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Possession for Sale (Drugs)

If you have recently been arrested in Los Angeles or anywhere in Southern California on the charge of possession for sale of a controlled substance, you are not alone. First, you are not alone because these kinds of arrests are extremely common in the L.A. Area. And secondly, you are not alone because an experienced criminal defense lawyer from Leah Legal can come to your immediate aid.

Possession for sale is a more serious charge than simple possession, and it carries potentially severe and long-lasting penalties. Plus, a drug conviction on your record can make it difficult to hold down a good job and to continue to live out your life the way you want to.

At Leah Legal, we stand ready to answer you call 24/7/365 - contact us anytime by calling 818-484-1100, and we will give you a free legal consultation and begin building you a solid defense.

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How Is Possession for Sale Defined Under California Law?

Under California Health & Safety Code Section 11351, possession for sale of a narcotic of a controlled substance is made a felony crime.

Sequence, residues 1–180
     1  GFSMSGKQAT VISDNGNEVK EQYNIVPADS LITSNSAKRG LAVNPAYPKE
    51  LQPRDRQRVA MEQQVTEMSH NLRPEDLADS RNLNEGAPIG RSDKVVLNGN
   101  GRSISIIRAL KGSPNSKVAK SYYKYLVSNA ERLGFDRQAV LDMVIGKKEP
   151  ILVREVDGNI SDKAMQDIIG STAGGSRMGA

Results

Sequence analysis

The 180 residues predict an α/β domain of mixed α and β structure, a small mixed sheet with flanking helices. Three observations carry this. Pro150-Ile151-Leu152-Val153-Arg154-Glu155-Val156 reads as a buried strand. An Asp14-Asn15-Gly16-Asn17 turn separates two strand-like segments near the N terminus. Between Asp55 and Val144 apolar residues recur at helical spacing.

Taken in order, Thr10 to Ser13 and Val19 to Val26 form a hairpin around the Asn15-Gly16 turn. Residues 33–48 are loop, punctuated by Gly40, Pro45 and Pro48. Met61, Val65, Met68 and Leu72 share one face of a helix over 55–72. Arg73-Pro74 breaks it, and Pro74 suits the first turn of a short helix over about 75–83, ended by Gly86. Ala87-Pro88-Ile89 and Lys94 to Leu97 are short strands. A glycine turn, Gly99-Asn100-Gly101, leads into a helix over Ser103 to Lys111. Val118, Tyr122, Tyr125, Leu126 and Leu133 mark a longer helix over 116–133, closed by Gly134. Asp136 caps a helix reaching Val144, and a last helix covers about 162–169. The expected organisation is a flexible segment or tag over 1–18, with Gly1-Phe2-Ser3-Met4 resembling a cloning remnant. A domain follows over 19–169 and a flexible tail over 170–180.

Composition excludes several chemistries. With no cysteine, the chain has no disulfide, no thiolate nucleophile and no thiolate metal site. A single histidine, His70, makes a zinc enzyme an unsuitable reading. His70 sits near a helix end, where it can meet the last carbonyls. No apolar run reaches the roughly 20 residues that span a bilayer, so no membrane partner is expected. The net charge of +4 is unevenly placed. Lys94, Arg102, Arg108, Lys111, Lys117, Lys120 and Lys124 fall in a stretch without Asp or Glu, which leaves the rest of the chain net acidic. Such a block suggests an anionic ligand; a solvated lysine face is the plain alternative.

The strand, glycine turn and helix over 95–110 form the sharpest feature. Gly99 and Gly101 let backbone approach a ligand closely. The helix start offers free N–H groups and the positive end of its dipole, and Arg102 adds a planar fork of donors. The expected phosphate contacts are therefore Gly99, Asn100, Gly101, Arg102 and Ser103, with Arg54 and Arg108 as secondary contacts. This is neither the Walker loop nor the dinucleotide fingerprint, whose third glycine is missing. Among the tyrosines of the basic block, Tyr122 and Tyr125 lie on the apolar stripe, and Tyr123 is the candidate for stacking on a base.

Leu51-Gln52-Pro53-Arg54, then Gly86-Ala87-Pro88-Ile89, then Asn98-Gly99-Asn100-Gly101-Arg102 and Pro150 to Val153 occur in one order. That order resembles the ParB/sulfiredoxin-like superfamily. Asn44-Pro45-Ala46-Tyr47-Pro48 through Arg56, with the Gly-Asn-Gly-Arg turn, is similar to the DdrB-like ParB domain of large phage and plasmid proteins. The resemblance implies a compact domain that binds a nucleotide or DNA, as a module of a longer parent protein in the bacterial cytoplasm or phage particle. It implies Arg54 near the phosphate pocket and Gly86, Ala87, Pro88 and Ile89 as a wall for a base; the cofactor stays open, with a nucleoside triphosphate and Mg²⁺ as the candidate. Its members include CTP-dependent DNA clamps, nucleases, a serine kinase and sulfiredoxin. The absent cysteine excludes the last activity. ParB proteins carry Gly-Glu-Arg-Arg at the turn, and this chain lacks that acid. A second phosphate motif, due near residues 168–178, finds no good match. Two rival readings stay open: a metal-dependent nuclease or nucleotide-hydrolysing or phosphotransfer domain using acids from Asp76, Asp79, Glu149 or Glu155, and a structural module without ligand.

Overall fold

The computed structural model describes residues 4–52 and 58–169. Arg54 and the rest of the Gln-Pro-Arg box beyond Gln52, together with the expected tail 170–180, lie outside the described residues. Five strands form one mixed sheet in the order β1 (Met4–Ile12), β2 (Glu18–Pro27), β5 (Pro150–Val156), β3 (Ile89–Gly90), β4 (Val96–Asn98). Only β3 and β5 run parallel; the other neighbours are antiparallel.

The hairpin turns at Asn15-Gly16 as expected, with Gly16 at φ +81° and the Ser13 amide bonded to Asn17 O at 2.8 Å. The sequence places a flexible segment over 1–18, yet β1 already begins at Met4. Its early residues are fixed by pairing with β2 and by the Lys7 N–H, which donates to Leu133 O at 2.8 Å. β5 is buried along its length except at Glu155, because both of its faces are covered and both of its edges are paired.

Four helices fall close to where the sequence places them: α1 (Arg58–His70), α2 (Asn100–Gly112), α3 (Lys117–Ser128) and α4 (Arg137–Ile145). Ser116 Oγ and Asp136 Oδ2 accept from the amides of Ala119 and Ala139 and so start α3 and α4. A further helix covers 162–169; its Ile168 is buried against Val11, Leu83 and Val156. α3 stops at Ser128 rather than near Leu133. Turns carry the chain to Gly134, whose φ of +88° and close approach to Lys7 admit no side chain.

This statute does not refer to the actual sale or distribution of illegal drugs but simply to the intention to sell or distribute such drugs, when you also have them in your immediate possession or under your control.

Any drug banned by the US Controlled Substances Act or otherwise regulated by it counts as a "controlled substance" for the purposes of HSC 11351. That means no only illegal drugs like cocaine or heroin, but also illegally possessed prescription drugs like codeine can count.

What Must the Prosecution Prove?

To gain a conviction on the charge of possession for sale (HSC 11351), the prosecutor must demonstrate all of the following elements of the crime to be true beyond all reasonable doubt:

  • You illegally possessed or purchased a controlled substance.
  • You were aware of the drug's presence and of its nature as a controlled substance.
  • You possessed a "usable" amount of the drug, not mere traces.
  • You had an intention to sell the drugs you possessed or purchased.